This is the largest section of the British Museum, housing a wide variety of artifacts from ancient Greece and Rome. Of particular note are such treasures as the "Chatsworth" Head of Apollo, the Horse of Selene, the statue of the goddess Demeter and a bronze head of Sophocles.
Room 8 of the British Museum contains the famous "Elgin Marbles", sculptures from the Parthenon in Athens, brought to London by the Earl of Elgin at the beginning of the 19th century and include the "Horse of Selene" from the east pediment. Of the original group of four horses drawing the chariot of Selene (goddess of the moon), two are in Athens; the fourth is lost. The largest remaining section of the Parthenon frieze can also be seen.
Objects found in Athens, including a Caryatid from the Erechtheion of the Acropolis.Room 9
The Portland Vase, named after the Dukes of Portland, dates from the first century B.C. and is one of the most exquisite examples of Roman artistry with glass.Room 70
Room 68 in the British Museum, devoted to terracottas, is dominated by the Head of Aphrodite. The head, found in Satala, Armenia, is double life-size and probably dates from the fourth century B.C.
In the basement (reached through Rooms 12, 16 and 17 of the ground floor) are examples of Assyrian, Greek and Roman art.
The central exhibit displays finds from the Halikarnassos Mausoleum and the Temple of Artemis in Ephesos.
Of particular interest are the colossal bust of Rameses II from Thebes-West and the Rosetta Stone.Although the main treasures of the Rosetta Stone and the Lions of Amenophis are displayed on the lower floor, a fairly large collection of Egyptian artifacts is also well distributed on the upper floor.Among this collection are a variety of Egyptian personal articles such as mirrors and clothing, along with other items such as musical instruments, furniture, papyrus, wall paintings, reliefs, rugs and tapestries.
The Rosetta Stone, found in 1798 at Rosetta in the Nile Delta, is a slab of black basalt dating from 195 B.C. bears a trilingual inscription (in Egyptian hieroglyphic, demotic script and Greek translation) which enabled Champollion to decipher Egyptian hieroglyphics.Room 25
Of the many Egyptian antiquities on display in the Museum, the collection of mummies and sarcophagi in rooms 60 and 61 and the papyri of room 62, including the famous Books of the Dead, are noteworthy.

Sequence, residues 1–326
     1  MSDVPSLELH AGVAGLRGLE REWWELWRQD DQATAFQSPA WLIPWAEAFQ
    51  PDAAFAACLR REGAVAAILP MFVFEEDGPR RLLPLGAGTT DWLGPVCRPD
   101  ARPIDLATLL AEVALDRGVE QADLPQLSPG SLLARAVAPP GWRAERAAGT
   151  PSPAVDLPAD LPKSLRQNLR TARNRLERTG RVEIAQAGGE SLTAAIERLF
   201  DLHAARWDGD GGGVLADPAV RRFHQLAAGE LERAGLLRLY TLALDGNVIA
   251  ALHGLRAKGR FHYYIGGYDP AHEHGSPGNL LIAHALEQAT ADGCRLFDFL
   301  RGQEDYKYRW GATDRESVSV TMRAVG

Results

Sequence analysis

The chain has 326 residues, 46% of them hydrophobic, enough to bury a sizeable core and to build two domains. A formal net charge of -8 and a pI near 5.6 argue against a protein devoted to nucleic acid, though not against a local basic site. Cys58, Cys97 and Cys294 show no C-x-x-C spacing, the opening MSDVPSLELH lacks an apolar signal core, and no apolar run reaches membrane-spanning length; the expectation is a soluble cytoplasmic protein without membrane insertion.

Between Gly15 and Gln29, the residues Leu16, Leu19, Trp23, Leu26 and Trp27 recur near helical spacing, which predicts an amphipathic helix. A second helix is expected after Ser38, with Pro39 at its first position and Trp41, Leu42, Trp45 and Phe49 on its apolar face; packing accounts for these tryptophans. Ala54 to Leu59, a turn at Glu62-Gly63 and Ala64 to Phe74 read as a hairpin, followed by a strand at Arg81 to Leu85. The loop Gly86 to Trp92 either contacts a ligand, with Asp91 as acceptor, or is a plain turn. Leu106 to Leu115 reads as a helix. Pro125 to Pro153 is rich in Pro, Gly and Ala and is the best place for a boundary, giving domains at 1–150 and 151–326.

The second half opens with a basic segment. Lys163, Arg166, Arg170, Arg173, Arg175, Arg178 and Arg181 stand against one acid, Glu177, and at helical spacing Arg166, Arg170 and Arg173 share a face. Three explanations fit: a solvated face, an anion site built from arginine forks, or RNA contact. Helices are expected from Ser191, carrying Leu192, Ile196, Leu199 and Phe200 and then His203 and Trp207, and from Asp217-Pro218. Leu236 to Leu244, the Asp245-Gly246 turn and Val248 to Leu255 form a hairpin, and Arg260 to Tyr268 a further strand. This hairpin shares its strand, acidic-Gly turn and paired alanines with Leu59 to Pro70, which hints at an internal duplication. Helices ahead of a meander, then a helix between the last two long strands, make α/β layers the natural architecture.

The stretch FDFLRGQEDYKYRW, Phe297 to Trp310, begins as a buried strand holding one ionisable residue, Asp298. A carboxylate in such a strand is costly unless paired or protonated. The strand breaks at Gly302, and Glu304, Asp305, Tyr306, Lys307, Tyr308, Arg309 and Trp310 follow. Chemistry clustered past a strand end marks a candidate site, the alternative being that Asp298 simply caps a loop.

Within this section of the museum, exhibits on prehistoric societies in continental Europe and early Britain contain a variety of artifacts that would have been used in day-to-day activities.
The Mildenhall Treasure, a hoard of Roman silver tableware dating from the fourth century A.D., was found by a farmer while ploughing in Mildenhall, Suffolk, in 1942. Of the 34 pieces, the most impressive is "The Great Dish", a large silver dish embossed with figures of Bacchus, Hercules and other figures from Roman mythology. In the center of the dish a bearded mask, probably representing the sea god Oceanus, is surrounded by nymphs riding on sea monsters.
Sutton Hoo Collection
This room contains exhibits from the Sutton Hoo Treasure: weapons, jewellery and coins dating from the seventh century, found in the grave of an Anglo-Saxon King in Sutton Hoo, Suffolk.Room 41
These rooms are devoted to unique treasures of the Assyrian period. Room 17 houses reliefs depicting a lion hunt from the reign of Assurbanipal. Further reliefs from the Nimrud and Nineveh palaces may be seen in other rooms, as well as the imposing figures of winged bulls with human heads from the Sargon palace in Khorsabad and a black obelisk relating the deeds of Shalmaneser III.Rooms 17-26
Among the various treasures and artifacts that are displayed in this section are such unique treasures as The Royal Gold Cup, the Thorn Reliquary, the Lyte Jewel and the Huguenot silver.
The 12th century chess pieces carved from walrus tusks are of particular interest. They originate from the island of Lewis in the Hebrides.Room 42
A wide variety of Oriental and Asiatic artifacts, mainly metalwork, enamelwork, porcelain and glassware, are found among this collection.Of particular note are such artifacts as the Sambas Treasure of Bhuddist images, the Great Stupa at Amaraviti and the Yuan blue and white porcelain.A visitor should not miss seeing the T'ang horses and camels.